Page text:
Friday, 24 December 2010

Telecentres are dead?

This question was echoed in the corridors at University of London, during ICTD2010 (Dec. 2010).


  • None of the 55 research papers affiliated with telecentres. (though one captured Kiosk Operator)
  • None of the 20+ workshops affiliated with telecentres 
  • Progressive domain themes did include PC, mobile, video, radio, network etc. but not telecentres. 
  • There were several telecentre activists representing Africa, Middle East & South Asia, but none had a dedicated telecentre platform to share their voice and telecentre sector experience . 
  • Donors (IDRC, SDC, Microsoft etc.) who used to amplify the telecentre voices were not keen to take up telecentre topic, instead they were busy with emerging new topics.
Does this mean telecentres are dead? Probably sector is moving forward, and looking beyond (as one and only telecentre affiliated paper titled): Looking Beyond 'Information Provision': The Importance of Being a Kiosk Operator in the Sustainable Access in Rural India by Janaki Srinivasan (see my next blog for Sri Lanka experience).

Saturday, 18 December 2010

Do you need to be an expert to assess impact?

What should be the role of rural farmers in assessing impact in rural development interventions? Stephen Rudgard of FAO asked the question of Harsha Liyanage, who was an invited panellist at the e-Agriculture session during ICTD2010, London (17th Dec.).

Harsha’s answer in summary:
• Typical rural farmer operates inside the context of poverty
• Impact for him is better price, low cost (from the value chain perspective)
• Assessing impact in rural development interventions needs to: quantify the impact but also illustrate the 'complexity and diversity' of that impact – impact will be made up of more components than just quantitative parts of the value chain
• This approach needs on one hand ‘participation’ of the farmer; on the other hand ‘rigour’ and ‘accountability’ in the assessment
• This therefore should take a participatory  approach – it involves the farmer, but also researchers and intermediaries. All knowledge and perspectives are important in producing an assessment that accounts for the many aspects of impact in a real situation
• Rural farmer can be a participant during planning process, and during data gathering and analysis.

Very important to understand, through his contribution, the micro-environment of the farmer. Then impact can be understood as a journey travelled through a period of time and through changes that have been identified in advance as part of the journey. You can uncover the journey in this way and measure impact through it. So change seen from the farmer’s perspective must be a part of the whole picture of impact.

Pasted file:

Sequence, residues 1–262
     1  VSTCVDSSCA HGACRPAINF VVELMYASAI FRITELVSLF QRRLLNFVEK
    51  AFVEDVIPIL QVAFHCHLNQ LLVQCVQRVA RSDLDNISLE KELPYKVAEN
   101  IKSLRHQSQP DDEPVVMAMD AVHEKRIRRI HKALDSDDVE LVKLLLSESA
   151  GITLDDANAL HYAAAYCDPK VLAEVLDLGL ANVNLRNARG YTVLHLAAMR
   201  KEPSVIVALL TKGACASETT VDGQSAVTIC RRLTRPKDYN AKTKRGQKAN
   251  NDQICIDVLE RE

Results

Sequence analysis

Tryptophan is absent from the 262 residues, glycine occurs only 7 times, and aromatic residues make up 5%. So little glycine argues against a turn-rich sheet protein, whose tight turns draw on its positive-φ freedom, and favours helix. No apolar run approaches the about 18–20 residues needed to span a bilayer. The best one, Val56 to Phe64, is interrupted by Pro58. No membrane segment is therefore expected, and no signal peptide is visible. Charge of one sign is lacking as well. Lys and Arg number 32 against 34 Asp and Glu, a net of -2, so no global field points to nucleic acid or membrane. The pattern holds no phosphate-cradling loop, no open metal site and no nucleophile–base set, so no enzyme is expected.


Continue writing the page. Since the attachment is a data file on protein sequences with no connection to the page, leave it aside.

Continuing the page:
Read more>> at e-Agriculture perspectives by FAO

Thursday, 7 October 2010

Impact of ICT for Development? What is it?

What are the social, economic, and political impacts of public access to ICT?
What is the magnitude of these impacts and how can we measure them?
What is the relationship between costs and benefits of providing and using public access to ICT?
    These are the major questions being investigated by the Global Impact Study, implemented by the University of Washington. 
    In this broader context, we (eNovation) investigate the development journey at individual and community level, through the research carried out at Fusion, Sri Lanka.  While many researchers try to understand why customers visit telecentres, we tried to understand what they gain by visiting on a regular basis.

    'e-empowerment is a journey that the beneficiary (individual or a community) may travel through – commencing with first time exposure to ICTs, and consequently becoming a qualified user able to apply ICTs with confidence. The journey happens through progressive stages. Those stages (indicators) are not essentially sequential;
    • Exposure - first time exposure to computers, and familiarization with ICTs (seeing & touching)
    • Motivation - generate interest to learn, interact and develop ICT skills
    • Skill development - with the assistance of trained staff, develop computer skills
    • Self learning - further self learning  without assistance (or with limited assistance)
    • Exploration - exploring beyond basic computer skills to internet, email, web development, data base development, social networking, teaching others and so on.
    • Application - systematic application of computers/ internet for self or others benefit (teaching, data base development for village work, volunteering).
    • Qualifications - sit for standard exams, acquiring certificates.

    Read more>> Theory of Change, Social impact assessment by Sarvodaya-Fusion

    Tuesday, 28 September 2010

    Innovation @ ICT for development sector? What does that really mean?

    The ICT sector is moving fast, from ‘incremental innovation’ that involves gradual step by step innovation to ‘radical innovation’ that change the whole ecosystem radically and rapidly.
    Unlike other development sectors (human rights, poverty alleviation etc.) ICT4D demands continuous innovation.